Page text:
Illustrating just how much of a mess Poland's energy strategy is in, the country's finance minister claimed on May 23 that Warsaw will now delay the collection of taxes on shale gas production for five years from the planned start date of the levy - which has yet to be passed in legislation. The move is part of a professed push to attract investors back to Polish shale gas; however, it appears to do little more than boost uncertainty.
"The law on the taxation of shale gas will go into effect in 2015, but we will not levy the tax until 2020 to attract companies to extract shale gas," Finance Minister Jacek Rostowski said in a speech, according to Reuters. The move comes in the wake of the recent exit of Canada's Talisman Energy and US oil firm Marathon Oil from their concessions in Poland, which followed ExxonMobil's decision to quit last year.
Warsaw's failure to set out terms and conditions for the exploration and production of shale gas is reported to have put off some investment, which has the PM demanding his cabinet do better, or face the sack.
"Yesterday I told the environment minister very clearly that I expect him to prepare regulations that won't scare investors away," Prime Minister Donald Tusk told reporters on May 22, according to Bloomberg. "He must either acknowledge that this project requires a business-oriented mindset or someone else will take over the task."
Investors' biggest concern is that there is no guarantee that those exploring deposits will be handed the rights to production, he noted.
Meanwhile, analysts are split on the tax plans that Warsaw has announced. Some suggest that a cap of a 40% fiscal burden is better than in many other countries. Others side with current investors, who naturally complain that the rate is too high. However, the major point remains the uncertainty. If Warsaw is serious about attracting investors to build a viable shale gas industry that can help the country reduce its reliance on Russian imports, it needs to set out a clear and definite environment.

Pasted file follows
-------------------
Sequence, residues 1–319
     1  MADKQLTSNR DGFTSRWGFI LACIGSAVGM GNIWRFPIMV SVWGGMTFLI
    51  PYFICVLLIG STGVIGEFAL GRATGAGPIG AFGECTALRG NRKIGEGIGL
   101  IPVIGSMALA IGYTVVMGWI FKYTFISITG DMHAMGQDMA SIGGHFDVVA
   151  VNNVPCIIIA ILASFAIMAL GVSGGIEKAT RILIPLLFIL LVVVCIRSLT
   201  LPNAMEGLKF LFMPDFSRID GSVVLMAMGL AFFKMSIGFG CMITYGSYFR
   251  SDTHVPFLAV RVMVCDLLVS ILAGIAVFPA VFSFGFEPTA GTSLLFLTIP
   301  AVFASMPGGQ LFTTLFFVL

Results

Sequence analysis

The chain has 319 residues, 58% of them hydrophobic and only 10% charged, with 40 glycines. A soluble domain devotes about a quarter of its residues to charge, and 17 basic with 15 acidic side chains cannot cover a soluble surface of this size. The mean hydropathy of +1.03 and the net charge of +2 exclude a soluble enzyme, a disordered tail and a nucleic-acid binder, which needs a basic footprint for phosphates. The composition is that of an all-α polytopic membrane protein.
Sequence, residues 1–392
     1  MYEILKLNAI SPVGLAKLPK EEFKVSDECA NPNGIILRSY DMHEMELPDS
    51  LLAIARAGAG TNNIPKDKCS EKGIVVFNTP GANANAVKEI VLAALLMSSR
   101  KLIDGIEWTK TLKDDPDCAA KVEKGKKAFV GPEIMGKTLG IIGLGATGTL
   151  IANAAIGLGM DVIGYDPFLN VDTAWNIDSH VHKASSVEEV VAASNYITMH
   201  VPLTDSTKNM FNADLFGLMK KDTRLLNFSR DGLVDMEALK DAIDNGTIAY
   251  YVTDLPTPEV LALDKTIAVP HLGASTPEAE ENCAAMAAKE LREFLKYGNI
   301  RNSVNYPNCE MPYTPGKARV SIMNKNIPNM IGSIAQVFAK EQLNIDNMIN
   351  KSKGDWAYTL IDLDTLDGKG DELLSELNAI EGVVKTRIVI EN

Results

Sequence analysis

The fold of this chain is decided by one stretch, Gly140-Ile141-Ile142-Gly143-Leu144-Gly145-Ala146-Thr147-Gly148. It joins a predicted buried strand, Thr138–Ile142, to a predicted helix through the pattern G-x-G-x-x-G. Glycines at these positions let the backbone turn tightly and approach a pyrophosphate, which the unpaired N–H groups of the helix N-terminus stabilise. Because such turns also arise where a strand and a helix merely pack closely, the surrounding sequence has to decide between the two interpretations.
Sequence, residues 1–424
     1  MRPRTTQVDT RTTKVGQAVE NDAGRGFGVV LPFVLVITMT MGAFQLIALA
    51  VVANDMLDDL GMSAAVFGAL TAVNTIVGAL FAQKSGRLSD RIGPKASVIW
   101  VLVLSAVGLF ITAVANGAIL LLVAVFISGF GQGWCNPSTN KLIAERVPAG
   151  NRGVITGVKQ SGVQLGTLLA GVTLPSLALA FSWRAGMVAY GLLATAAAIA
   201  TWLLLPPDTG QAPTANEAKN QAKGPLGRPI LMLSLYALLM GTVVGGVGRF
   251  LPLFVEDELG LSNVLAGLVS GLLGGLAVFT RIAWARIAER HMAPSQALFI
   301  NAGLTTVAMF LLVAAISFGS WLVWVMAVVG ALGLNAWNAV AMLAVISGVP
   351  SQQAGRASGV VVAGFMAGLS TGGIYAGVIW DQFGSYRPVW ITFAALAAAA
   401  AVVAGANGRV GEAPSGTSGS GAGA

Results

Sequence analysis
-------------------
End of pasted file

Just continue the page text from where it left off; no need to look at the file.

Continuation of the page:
The failure to do that has helped spur recent speculation that in fact Warsaw may have lost its previous enthusiasm for shale gas, as evidenced by the recent sackings of the treasury minister and CEO of state-controlled gas utility PGNiG - both of whom were leading proponents of the push of Polish companies to fill the void left by falling interest from foreign firms. Warsaw is clearly tired of the complaints of state-controlled companies that they can't keep up with all the government's investment demands, and the recent cancellation of several power projects has not gone down well.
At the same time, reports last week quoting unnamed investors claimed that Warsaw has "declared war" against US and Canadian investors - which have valuable experience in shale gas exploitation. Even as officials announced in public a new campaign to help foreign investors enter the segment, the same figures were said to have told private meetings that Warsaw intends to keep the country's reserves for Polish companies.
At the same time, while all these terms and conditions are vital, they would not have such a strong effect on investors should test drilling results not have proved so disappointing thus far. For the moment, the wider Polish dream of becoming a major producer is faltering due to the expense and difficulty of accessing its deposits.
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